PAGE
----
- About Us
- SW Climate
Published May 23, 2012
Southwest Snowpack(data through 5/17/12)
Data Source(s): National Water and Climate Center, Western Regional Climate Center
Below-average precipitation and warmer-than-average temperatures across most of the Southwest after December caused the water contained in snowpacks, or snow water equivalent (SWE), to be persistently below average. Streamflow forecasts, which partly reflect the amount of past precipitation, were similarly below average for most of the winter.
Currently, snowpacks in Arizona have completely melted, while all but a few SNOTEL monitoring sites that measure SWE in New Mexico are reporting no snow (Figure 8). Some of the sites in both states completely melted about four weeks earlier than average. The only basin in Arizona, New Mexico, Colorado, Wyoming, and Utah with near-average snowpacks is the Cimarron watershed in New Mexico. However, the Natural Resources Conservation Service (NRCS), which administers the SNOTEL sites, cautions that the data in this basin may not be accurate. The Cimarron watershed was one of only two basins in both Arizona and New Mexico to receive more than 100 percent of average precipitation between October 1 and May 17.
In the Upper Colorado River and Rio Grande basins, no watersheds had more than 90 percent of average precipitation between October 1 and May 17; most basins received less than 80 percent. Consequently, all monitoring stations in Colorado, Utah, and Wyoming currently report well below-average SWE and streamflow forecasts for both the Colorado River and Rio Grande are well below average (see Streamflow Forecast).
Snowpack telemetry (SNOTEL) sites are automated stations that measure snowpack depth, temperature, precipitation, soil moisture content, and soil saturation. A parameter called snow water equivalent (SWE) is calculated from this information. SWE refers to the depth of water that would result by melting the snowpack at the SNOTEL site and is important in estimating runoff and streamflow. It depends mainly on the density of the snow. Given two snow samples of the same depth, heavy, wet snow will yield a greater SWE than light, powdery snow.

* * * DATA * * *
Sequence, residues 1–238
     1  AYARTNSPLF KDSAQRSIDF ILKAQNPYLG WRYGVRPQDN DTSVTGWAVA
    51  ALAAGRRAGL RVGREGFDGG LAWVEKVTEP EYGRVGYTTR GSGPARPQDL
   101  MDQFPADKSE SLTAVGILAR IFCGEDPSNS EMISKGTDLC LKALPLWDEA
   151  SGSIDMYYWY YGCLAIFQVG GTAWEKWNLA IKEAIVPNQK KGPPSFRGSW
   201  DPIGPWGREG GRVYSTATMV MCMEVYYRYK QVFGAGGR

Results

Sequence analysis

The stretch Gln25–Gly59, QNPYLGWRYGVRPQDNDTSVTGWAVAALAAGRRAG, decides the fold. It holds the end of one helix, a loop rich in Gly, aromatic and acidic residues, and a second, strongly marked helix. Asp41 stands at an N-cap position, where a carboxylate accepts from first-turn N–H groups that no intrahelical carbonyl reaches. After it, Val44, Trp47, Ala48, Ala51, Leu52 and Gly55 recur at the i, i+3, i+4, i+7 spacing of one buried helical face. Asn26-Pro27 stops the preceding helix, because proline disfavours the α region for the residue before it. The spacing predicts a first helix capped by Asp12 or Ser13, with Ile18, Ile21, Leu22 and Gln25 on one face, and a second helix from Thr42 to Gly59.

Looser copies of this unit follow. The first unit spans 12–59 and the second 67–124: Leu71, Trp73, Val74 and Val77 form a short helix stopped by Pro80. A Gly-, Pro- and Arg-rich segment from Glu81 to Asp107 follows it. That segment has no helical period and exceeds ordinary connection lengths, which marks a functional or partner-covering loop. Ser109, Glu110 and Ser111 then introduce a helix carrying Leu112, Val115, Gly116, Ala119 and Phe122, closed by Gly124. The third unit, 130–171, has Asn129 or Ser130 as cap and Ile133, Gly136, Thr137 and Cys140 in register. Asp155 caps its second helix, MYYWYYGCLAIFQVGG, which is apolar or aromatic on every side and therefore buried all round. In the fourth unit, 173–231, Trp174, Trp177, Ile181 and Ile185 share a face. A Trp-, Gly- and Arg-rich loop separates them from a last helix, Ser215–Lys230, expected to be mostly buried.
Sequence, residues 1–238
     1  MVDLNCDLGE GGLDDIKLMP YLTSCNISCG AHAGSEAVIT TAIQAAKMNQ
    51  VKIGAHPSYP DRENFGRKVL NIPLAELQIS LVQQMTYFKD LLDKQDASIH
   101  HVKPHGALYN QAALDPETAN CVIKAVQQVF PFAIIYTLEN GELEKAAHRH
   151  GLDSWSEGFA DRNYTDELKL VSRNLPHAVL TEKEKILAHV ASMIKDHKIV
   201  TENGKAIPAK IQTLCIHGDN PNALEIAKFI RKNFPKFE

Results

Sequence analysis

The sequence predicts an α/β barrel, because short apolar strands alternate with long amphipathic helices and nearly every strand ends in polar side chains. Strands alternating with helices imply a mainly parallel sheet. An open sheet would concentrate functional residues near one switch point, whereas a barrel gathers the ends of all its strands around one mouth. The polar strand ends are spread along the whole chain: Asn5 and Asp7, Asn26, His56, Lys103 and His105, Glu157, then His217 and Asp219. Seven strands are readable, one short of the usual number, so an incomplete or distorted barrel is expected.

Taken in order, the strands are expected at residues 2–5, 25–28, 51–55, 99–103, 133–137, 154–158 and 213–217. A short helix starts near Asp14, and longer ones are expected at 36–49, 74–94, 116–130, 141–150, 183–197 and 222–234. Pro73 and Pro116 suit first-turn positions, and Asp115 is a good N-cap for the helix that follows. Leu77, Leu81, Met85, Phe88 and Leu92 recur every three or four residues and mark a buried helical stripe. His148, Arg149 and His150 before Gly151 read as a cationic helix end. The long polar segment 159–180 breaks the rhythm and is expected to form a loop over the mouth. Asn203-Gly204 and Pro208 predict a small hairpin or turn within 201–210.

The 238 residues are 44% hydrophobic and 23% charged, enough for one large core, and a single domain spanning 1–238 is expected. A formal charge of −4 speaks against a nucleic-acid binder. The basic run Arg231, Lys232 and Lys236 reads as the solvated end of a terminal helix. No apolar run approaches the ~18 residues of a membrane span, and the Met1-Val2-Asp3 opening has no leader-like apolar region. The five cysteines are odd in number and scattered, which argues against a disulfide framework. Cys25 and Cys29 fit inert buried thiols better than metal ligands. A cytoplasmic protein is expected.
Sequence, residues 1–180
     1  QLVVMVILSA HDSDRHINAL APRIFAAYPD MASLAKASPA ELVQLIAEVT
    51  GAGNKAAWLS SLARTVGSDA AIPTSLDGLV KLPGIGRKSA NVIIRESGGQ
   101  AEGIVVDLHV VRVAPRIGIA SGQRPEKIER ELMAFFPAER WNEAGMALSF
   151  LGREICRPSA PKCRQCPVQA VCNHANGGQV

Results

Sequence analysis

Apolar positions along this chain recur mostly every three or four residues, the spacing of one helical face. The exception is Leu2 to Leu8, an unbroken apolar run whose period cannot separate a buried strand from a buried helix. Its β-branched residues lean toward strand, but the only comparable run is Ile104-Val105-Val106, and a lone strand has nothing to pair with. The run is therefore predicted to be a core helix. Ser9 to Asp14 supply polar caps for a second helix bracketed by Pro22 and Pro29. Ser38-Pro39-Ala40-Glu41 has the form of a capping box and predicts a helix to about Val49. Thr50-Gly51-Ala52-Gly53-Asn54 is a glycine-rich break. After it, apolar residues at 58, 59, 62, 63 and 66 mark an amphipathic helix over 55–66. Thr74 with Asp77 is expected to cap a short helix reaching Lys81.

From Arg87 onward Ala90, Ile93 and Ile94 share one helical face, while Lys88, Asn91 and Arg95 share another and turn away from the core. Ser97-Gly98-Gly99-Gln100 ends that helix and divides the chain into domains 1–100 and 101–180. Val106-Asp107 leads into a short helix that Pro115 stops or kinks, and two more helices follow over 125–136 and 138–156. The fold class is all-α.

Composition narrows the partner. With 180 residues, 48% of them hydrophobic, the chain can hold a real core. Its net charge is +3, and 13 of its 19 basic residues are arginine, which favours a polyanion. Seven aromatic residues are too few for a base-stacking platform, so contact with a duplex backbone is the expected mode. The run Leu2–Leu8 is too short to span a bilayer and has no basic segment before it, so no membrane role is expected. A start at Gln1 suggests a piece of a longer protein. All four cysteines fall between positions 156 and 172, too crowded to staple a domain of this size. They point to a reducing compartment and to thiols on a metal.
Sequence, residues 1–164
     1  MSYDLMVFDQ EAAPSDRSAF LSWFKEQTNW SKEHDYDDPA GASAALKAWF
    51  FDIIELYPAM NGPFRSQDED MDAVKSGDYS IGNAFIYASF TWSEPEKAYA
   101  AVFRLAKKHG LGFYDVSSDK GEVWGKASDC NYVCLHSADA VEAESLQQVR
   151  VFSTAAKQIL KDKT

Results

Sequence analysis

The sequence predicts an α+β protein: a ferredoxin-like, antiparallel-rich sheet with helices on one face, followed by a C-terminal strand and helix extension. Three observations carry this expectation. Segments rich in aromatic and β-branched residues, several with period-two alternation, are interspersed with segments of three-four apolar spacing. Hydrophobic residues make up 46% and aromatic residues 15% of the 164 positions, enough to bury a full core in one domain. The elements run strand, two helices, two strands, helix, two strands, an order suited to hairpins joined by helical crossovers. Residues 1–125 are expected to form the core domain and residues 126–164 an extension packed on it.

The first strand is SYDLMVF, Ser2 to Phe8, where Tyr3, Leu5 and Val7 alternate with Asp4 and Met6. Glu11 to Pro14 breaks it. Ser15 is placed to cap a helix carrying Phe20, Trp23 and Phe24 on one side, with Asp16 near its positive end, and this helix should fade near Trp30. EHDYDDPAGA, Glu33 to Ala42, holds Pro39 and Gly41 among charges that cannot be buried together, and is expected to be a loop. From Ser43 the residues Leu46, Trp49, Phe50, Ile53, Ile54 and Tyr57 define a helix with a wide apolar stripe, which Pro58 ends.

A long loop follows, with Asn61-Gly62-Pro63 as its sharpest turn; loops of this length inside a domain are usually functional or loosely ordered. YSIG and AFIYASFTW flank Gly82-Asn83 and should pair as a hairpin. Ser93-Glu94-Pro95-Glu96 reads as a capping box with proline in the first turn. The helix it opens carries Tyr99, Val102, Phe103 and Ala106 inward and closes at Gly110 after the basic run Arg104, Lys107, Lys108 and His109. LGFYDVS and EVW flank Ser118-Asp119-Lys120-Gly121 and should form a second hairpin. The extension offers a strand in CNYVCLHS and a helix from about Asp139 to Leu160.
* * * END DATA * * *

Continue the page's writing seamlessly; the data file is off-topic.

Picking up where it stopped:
This figure shows the SWE for selected river basins, based on SNOTEL sites in or near the basins, compared to the 1971–2000 average values. The number of SNOTEL sites varies by basin. Basins with more than one site are represented as an average of the sites. Individual sites do not always report data due to lack of snow or instrument error. CLIMAS generates this figure using daily SWE measurements made by the Natural Resources Conservation Service.
Southwest Climate Outlook Staff
- Michael Crimmins, UA Extension Specialist
- Stephanie Doster, Institute of the Environment Editor
- Gregg Garfin, Founding Editor, Institute of the Environment
- Zack Guido, Managing Editor, CLIMAS Associate Staff Scientist
- Nancy J. Selover, Arizona State Climatologist
- Jessica Dollin, CLIMAS Publications Assistant
- Dave Dubious, New Mexico State Climatologist
Please direct your Southwest Climate Outlook comments and suggestions to Zack Guido.
The CLIMAS Web site contains official and non-official forecasts, as well as other information. While we make every effort to verify this information, please understand that we do not warrant the accuracy of any of these materials.... Read full disclaimer